The Bigger Picture: Visual Archives and the Smithsonian
Posts tagged with: Education
by Mitch Toda on November 15, 2013
- I want my SI 3D! This week saw the release of the Smithsonian X 3D Collection and state-of-the-art 3-D explorer.
- Come join the Smithsonian this weekend at the Innovation Family Day at the National Museum of the American Indian for Innovation Explorations in Sound! You can make music with world rhythms, play with the science of sound, listen to the calls of frogs, and participate in hands-on activities that invite you to be innovative and interact with sound artists, inventors and other creative thinkers.
- American Archive of Public Broadcasting - a historic collection of American public radio and television content - will be preserved and made available through a collaboration between the Library of Congress and WGBH Boston. [via InfoDocket]
- Going to the hardware graveyeard. Visiting forgotten and obsolete hardware of the past. [via The Signal: Digital Preservation, LOC]
- Among other announcements this week are: The Seth MacFarlance Collection of Carl Sagan and Ann Druyan Archive is open to the public at the Library of Congress and a collection of World War I and II propaganda posters is available at Washington State University. [via InfoDocket and Jennifer Wright, SIA]
- Also coming from across the pond, the National Archives (UK) launched a new First World War portal that allows researchers to access the official UK government records of the First World War, including a vast collection of letters, diaries, maps and photographs. [via InfoDocket]
- For more information about Smithsonian X 3D check out the following video.
by Mitch Toda on February 15, 2013
- A sound for sore ears, the Library of Congress unveiled their National Recording Preservation Plan, a framework for saving America's recorded sound heritage for future generations. [via Lynda Schmitz Fuhrig, SIA]
- Twitter and scholarly research? A new tool being developed at George Washington University Libraries allows social media researchers to gather data from Twitter. [via InfoDocket]
- All is not lost, Operation Photo Rescue was recently in New York City to help people restore photographs that were damaged by Hurricane Sandy. [via Marcel LaFollete, SIA]
- The British Library recently announced the digitization of some of its most important works in their collections. [via Lynda Schmitz Fuhrig, SIA]
- With the London 2012 Summer Olympics a distant memory, and with the Sochi 2014 Winter Olympics on the horizon, photographer David Burnett shares some of his decidley unique images of the games that he took with a 1940s Speed Graphic camera and a 1943 Aerial reconnaissance lens. [via PetaPixel]
- Bringing museum collections, children, and a little mystery together, at the National Museum of American History the Tooth Fairy makes dental deposits. [via O say can you see?, NMAH]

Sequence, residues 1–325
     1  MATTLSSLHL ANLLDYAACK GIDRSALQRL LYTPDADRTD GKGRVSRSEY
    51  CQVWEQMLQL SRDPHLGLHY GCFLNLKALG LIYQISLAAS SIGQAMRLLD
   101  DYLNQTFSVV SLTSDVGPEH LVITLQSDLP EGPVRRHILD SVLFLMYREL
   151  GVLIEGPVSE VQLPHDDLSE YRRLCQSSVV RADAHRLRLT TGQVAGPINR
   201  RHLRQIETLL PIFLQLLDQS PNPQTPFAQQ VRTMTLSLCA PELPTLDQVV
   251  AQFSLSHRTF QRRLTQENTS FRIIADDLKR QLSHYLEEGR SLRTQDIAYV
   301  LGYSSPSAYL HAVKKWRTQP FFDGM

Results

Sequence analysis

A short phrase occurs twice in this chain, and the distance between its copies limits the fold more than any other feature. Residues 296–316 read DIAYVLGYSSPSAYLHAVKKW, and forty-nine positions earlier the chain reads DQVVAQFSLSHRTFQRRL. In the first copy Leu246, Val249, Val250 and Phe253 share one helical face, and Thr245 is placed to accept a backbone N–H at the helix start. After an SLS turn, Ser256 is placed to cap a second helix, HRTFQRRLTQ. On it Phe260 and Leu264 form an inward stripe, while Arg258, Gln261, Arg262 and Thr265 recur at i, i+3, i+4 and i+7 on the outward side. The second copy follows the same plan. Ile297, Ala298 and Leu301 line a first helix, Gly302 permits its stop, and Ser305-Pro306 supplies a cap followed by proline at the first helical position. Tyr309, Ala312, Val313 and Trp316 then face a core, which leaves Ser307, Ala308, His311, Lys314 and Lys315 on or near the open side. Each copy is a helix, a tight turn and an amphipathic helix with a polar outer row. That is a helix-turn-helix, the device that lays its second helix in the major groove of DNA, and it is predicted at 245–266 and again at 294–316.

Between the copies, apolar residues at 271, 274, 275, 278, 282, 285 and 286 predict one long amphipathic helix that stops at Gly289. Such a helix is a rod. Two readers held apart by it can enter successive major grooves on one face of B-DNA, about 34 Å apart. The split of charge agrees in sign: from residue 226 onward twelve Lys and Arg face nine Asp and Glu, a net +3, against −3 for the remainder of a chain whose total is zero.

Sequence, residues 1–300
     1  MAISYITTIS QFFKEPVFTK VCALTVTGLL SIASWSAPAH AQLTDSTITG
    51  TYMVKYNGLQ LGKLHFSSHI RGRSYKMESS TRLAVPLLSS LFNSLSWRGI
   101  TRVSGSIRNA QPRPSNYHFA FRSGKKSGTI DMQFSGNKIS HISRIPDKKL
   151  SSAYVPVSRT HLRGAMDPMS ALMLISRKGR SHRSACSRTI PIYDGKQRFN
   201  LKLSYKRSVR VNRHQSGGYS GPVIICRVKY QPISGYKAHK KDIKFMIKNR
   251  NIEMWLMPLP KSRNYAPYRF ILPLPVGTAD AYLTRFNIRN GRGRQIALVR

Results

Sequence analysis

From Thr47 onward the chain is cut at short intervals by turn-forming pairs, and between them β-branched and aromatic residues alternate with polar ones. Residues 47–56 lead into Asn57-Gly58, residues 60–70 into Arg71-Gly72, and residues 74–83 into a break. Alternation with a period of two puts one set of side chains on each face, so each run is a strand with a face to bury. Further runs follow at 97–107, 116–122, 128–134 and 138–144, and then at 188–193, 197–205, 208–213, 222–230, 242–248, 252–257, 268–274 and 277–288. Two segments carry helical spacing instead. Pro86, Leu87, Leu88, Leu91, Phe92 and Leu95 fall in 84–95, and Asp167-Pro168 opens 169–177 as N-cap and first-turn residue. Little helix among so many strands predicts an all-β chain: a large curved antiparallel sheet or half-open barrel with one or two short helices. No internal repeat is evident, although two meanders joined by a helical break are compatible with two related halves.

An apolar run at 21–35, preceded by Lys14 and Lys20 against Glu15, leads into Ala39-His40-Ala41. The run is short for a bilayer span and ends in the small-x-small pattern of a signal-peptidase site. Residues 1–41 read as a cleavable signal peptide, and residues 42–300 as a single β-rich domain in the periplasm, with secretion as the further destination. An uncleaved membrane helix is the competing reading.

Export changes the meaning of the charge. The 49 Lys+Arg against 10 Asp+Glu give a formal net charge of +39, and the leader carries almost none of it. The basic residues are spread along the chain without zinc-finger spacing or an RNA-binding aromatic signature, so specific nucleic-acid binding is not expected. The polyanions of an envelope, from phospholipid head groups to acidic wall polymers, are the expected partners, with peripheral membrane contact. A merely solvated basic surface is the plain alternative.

- Are you getting overwhelmed by all of the digital information in your life? If so, check out the upcoming Personal Digital Archiving 2013 program at the University of Maryland, College Park. See video below. [via Effie Kapsalis, SIA]
by Mitch Toda on January 25, 2013
- Beyoncé's performance at this weeks Presidential Inauguration will not be forgotten. Why? Because she keeps her own digital archive of her life and work of course. [via Jennifer Wright, SIA]
- Check your local listings. The Library of Congress, in collaboration with the American Library Association's Association for Library Collections and Technical Services and the Public Library Association, will develop a collection of digital literacy resources that will be accessible to libraries, patrons and other community-based organizations for personal digital archiving. [via The Signal: Digital Preservation, LOC]
- Former Wikipedian-in-Residence at SIA and the Archives of American Art, Sarah Stierch, will be taking on the role of US OpenGLAM Coordinator to work with GLAMs (galleries, libraries, archives, and museums) in the US to teach and inspire them to open their cultural holdings in a broader open license manner. [via Effie Kapsalis, SIA]
- In the recent publication, Science Education and Citizenship, author Sevan G. Terzian draws upon information and images from Record Unit 7091 - Science Service, Records, and examines the civic purposes of science fairs, clubs, and talent searches and their impact on youth over four decades in the early to mid-twentieth century. [via Ellen Alers, SIA]
- The Internet Archives' Wayback Machine now has 240,000,000,000 URLs, enabling users to search wesbites from late 1996 to December 9, 2012. [via Lynda Schmitz Fuhrig, SIA]
- The Civil War ushered in a variety of technological advances, but the Confederate Civil War helicopter thought up by William C. Powers failed to get off the ground. [via AirSpace, NASM]
- Petabytes of data, no problem . . . the Vatican Library and its work to digitize its rich and vast collections to make them accessible to everyone.
Connecting you to America’s past with a behind-the-scenes exploration of the Smithsonian’s history, treasures, and the challenges that Archives face preserving collections. More details...